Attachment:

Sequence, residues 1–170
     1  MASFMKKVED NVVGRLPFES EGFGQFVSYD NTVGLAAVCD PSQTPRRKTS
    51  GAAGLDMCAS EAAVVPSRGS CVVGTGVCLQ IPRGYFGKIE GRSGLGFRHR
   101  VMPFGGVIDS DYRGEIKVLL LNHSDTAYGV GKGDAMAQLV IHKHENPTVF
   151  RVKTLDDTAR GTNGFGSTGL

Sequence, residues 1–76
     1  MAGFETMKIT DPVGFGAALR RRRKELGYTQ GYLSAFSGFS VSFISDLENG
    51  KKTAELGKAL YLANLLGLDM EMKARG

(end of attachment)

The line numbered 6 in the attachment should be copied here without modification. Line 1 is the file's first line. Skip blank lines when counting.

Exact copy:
Sequence, residues 1–76